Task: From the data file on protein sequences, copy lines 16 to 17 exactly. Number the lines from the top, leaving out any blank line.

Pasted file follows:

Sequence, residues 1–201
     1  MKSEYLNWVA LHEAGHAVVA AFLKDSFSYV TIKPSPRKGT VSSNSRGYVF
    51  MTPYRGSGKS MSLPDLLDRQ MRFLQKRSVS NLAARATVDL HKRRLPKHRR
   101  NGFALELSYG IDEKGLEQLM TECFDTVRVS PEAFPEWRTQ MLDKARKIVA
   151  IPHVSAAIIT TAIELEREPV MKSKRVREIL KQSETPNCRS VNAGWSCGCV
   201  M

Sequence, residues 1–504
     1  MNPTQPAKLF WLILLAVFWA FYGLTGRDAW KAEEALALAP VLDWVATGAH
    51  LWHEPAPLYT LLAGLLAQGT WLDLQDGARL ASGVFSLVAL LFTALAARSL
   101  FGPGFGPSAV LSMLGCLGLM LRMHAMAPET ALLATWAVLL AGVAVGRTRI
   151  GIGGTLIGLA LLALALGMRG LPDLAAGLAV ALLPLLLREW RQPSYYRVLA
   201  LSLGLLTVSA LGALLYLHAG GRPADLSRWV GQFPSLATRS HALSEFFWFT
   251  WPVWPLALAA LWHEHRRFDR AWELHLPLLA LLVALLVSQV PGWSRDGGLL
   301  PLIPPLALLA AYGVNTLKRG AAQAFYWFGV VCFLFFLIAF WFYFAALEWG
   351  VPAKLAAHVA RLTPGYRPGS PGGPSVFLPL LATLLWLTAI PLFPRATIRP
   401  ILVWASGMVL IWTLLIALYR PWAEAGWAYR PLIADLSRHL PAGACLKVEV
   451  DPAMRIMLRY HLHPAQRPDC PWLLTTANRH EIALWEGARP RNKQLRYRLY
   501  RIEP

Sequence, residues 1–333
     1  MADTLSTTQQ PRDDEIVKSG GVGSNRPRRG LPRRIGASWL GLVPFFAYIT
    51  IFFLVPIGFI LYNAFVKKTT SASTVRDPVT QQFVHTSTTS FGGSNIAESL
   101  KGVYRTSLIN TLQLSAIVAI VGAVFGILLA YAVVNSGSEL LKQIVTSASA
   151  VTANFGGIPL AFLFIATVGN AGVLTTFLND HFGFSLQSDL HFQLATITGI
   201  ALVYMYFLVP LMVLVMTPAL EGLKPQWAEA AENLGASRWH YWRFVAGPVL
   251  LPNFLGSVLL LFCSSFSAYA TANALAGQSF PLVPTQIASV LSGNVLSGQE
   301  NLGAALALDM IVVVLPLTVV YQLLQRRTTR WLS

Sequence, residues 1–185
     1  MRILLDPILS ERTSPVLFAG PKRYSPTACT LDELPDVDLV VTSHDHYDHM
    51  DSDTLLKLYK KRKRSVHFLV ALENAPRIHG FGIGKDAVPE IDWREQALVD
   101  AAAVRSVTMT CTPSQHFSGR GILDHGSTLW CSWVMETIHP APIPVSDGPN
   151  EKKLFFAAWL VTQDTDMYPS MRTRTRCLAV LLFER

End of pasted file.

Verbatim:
   401  ILVWASGMVL IWTLLIALYR PWAEAGWAYR PLIADLSRHL PAGACLKVEV
   451  DPAMRIMLRY HLHPAQRPDC PWLLTTANRH EIALWEGARP RNKQLRYRLY